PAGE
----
From time to time I enjoy departing from weaving scarves and tops in order to do "one of a kind pieces". When I weave a garment many times there is left over warp so I continue to weave cloth that can be used for something else at another time. These pieces of handwoven cloth go into my extra fabric stash. When I am ready I pull them out and make something with them. Sometimes it's a handwoven embellished purse, sometimes it becomes the embellishment on something, and other times it becomes a shrug.
A shrug for those of you who do not know is a shawl type garment that has a very small sleeve seam so that when worn if it falls off your shoulder the sleeves will keep it from leaving the body completely.
I just finished working on one of these. They are time consuming as I am designing the embellishments as I go. I am hunting through my stash of interesting fabric, trims, beads, buttons, etc. in hopes of finding just the right items to use.
This time I looked into my stash of samples from a complex cloth class I took which was taught by Jane Dunnewold (the complex cloth guru!). These samples are only about 10" x 12"and are dyed, over dyed, discharged, screen printed, stamped, and painted. Multiple techniques are used to make the cloth design. Since I have documented all the processes used for each sample, I am free to use them , soooooooooooooooooooooooooooo, I decided to cut them on the bias and use them for trim and binding.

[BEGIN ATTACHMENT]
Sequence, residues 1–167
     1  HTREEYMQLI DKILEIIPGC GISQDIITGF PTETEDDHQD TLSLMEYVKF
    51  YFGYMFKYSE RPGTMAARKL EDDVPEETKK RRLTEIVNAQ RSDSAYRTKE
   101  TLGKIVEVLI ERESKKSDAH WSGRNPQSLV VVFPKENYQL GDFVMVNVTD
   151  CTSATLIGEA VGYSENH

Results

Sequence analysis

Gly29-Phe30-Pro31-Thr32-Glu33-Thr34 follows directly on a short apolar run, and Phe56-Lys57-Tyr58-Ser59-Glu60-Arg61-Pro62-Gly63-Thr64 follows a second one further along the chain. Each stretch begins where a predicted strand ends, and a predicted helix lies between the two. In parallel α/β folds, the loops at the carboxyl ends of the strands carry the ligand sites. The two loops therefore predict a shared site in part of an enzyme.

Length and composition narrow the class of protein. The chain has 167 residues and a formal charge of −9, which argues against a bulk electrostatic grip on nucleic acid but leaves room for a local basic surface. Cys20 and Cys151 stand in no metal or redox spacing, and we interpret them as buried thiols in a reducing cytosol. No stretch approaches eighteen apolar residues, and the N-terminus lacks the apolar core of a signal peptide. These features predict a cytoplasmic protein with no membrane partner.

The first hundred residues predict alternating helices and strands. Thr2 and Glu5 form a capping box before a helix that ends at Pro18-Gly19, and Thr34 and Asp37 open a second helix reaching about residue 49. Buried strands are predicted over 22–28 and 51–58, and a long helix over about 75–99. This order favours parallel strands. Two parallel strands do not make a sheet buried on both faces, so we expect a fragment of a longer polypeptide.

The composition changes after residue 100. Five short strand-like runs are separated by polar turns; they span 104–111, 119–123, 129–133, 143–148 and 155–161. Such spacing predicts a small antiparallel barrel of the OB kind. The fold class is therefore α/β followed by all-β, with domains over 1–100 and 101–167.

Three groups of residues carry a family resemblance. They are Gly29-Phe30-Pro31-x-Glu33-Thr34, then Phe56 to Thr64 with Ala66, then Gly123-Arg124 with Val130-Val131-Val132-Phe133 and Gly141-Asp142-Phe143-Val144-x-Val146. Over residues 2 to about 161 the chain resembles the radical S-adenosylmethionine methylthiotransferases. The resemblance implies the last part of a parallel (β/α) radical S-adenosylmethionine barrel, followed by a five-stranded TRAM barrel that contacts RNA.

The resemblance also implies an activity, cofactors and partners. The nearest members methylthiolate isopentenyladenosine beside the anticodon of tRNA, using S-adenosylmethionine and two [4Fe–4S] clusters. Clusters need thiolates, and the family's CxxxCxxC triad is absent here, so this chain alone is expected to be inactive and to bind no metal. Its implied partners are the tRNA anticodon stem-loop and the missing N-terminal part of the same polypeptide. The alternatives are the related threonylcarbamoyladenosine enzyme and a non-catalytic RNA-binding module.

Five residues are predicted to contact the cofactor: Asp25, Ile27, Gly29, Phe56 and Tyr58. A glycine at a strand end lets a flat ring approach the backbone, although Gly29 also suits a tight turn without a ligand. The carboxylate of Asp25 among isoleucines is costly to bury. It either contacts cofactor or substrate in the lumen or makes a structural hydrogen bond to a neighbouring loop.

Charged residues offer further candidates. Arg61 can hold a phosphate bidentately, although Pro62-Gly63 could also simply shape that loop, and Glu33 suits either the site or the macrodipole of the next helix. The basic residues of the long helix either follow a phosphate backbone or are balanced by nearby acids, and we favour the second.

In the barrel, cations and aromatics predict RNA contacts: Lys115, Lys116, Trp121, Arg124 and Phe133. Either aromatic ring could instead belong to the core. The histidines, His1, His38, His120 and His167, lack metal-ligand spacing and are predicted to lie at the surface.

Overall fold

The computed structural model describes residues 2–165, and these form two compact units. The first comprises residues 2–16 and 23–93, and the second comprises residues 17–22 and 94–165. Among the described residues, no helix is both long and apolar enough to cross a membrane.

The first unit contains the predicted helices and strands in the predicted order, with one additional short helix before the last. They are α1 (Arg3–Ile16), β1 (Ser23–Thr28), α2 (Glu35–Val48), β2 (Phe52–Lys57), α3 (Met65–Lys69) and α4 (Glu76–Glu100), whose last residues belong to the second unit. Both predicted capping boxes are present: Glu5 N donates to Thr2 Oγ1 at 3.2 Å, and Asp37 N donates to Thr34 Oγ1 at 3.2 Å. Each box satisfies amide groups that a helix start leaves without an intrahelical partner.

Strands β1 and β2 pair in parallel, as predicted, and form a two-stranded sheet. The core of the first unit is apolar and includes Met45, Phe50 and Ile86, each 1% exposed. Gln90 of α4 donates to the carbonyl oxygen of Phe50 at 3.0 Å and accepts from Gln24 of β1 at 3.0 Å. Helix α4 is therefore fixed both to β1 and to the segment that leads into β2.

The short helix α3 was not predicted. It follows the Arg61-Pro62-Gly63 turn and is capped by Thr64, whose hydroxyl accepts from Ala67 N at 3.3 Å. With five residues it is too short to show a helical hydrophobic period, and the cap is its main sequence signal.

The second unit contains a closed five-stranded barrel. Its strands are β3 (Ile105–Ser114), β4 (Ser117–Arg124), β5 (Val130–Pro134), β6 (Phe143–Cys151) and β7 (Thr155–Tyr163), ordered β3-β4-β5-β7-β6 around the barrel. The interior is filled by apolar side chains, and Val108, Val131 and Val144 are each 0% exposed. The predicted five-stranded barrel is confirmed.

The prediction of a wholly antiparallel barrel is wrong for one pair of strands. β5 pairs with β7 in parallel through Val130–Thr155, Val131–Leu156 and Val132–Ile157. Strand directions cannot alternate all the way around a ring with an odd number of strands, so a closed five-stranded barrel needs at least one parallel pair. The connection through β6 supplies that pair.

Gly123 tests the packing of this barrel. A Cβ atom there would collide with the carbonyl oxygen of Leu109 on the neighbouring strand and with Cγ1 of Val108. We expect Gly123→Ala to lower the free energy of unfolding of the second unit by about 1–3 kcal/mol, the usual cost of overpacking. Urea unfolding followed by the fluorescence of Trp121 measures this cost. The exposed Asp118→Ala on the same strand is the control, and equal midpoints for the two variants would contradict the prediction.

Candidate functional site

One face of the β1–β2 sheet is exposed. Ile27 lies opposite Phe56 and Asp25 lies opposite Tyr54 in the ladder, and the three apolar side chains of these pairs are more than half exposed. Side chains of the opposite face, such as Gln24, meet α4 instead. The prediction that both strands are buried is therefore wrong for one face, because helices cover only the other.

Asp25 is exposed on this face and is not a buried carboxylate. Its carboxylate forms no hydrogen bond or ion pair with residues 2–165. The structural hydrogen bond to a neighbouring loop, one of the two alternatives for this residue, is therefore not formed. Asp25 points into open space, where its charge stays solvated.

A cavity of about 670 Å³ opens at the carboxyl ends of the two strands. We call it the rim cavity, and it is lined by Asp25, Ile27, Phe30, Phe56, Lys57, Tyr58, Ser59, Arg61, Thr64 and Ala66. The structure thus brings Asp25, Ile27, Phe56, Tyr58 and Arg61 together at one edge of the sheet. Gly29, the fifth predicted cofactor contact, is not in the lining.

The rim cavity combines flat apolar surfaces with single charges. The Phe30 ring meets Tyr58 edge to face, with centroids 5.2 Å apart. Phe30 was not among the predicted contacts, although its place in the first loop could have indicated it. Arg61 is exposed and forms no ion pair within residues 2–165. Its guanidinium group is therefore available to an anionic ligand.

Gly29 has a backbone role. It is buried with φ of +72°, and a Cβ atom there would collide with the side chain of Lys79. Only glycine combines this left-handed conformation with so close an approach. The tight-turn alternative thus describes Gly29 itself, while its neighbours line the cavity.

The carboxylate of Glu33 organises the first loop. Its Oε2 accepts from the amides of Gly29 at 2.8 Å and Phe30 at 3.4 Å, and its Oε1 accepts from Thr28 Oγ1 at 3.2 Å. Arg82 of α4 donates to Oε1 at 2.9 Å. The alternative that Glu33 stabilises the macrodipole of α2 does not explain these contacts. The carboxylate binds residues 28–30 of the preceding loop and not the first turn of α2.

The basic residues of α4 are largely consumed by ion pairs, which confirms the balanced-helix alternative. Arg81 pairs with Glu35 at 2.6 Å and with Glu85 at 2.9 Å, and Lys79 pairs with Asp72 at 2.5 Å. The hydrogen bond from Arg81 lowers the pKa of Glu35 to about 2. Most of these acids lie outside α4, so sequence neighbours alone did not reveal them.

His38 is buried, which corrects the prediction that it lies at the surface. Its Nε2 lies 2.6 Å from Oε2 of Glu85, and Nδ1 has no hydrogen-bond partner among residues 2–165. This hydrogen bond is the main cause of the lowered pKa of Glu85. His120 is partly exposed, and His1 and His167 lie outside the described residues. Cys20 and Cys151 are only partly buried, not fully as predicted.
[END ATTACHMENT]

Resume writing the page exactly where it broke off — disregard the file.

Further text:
Here are a few pictures of the process. It goes like this:
These are my complimentary complex cloth samples. One has been dyed, over dyed, discharged, stenciled, stamped and printed. The other has only been dyed and over dyed.
Bias trim is cut from both cloths.
I organize the fabrics. Here are 3 complex cloth fabrics and 2 handwoven fabrics. All will be sewn together. I love this color combination!
The bias trim is applied to the handwoven fabric. The other complimentary fabric is used as piping.
Seams are covered for a couture finish.